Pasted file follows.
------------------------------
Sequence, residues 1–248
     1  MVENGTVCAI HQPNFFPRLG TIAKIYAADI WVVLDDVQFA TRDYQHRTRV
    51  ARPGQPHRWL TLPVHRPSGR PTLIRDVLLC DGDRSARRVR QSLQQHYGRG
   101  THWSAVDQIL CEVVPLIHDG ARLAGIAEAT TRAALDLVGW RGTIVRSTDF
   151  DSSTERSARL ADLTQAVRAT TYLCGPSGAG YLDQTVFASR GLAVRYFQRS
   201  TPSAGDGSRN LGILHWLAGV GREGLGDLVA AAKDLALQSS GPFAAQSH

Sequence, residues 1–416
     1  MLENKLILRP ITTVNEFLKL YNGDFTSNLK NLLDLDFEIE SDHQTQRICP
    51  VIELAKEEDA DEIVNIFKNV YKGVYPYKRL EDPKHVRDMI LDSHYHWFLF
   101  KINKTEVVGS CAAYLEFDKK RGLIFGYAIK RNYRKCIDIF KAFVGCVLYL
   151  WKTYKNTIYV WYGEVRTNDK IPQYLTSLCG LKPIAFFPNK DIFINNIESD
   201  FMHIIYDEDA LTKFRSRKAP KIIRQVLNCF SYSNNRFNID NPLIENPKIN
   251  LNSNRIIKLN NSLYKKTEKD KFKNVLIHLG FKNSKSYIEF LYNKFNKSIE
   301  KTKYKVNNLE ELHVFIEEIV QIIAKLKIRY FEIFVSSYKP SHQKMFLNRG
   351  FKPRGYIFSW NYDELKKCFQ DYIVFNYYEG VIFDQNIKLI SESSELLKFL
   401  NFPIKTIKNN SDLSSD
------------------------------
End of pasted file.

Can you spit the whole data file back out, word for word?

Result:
Sequence, residues 1–248
     1  MVENGTVCAI HQPNFFPRLG TIAKIYAADI WVVLDDVQFA TRDYQHRTRV
    51  ARPGQPHRWL TLPVHRPSGR PTLIRDVLLC DGDRSARRVR QSLQQHYGRG
   101  THWSAVDQIL CEVVPLIHDG ARLAGIAEAT TRAALDLVGW RGTIVRSTDF
   151  DSSTERSARL ADLTQAVRAT TYLCGPSGAG YLDQTVFASR GLAVRYFQRS
   201  TPSAGDGSRN LGILHWLAGV GREGLGDLVA AAKDLALQSS GPFAAQSH

Sequence, residues 1–416
     1  MLENKLILRP ITTVNEFLKL YNGDFTSNLK NLLDLDFEIE SDHQTQRICP
    51  VIELAKEEDA DEIVNIFKNV YKGVYPYKRL EDPKHVRDMI LDSHYHWFLF
   101  KINKTEVVGS CAAYLEFDKK RGLIFGYAIK RNYRKCIDIF KAFVGCVLYL
   151  WKTYKNTIYV WYGEVRTNDK IPQYLTSLCG LKPIAFFPNK DIFINNIESD
   201  FMHIIYDEDA LTKFRSRKAP KIIRQVLNCF SYSNNRFNID NPLIENPKIN
   251  LNSNRIIKLN NSLYKKTEKD KFKNVLIHLG FKNSKSYIEF LYNKFNKSIE
   301  KTKYKVNNLE ELHVFIEEIV QIIAKLKIRY FEIFVSSYKP SHQKMFLNRG
   351  FKPRGYIFSW NYDELKKCFQ DYIVFNYYEG VIFDQNIKLI SESSELLKFL
   401  NFPIKTIKNN SDLSSD